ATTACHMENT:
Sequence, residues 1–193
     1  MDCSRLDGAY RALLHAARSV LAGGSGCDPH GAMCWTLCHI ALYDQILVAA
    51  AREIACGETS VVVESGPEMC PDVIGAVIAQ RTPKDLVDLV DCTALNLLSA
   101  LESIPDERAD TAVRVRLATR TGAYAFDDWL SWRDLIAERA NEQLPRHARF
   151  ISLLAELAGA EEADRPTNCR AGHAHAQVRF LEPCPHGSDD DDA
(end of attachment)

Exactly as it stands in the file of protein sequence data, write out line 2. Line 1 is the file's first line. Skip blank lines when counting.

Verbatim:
     1  MDCSRLDGAY RALLHAARSV LAGGSGCDPH GAMCWTLCHI ALYDQILVAA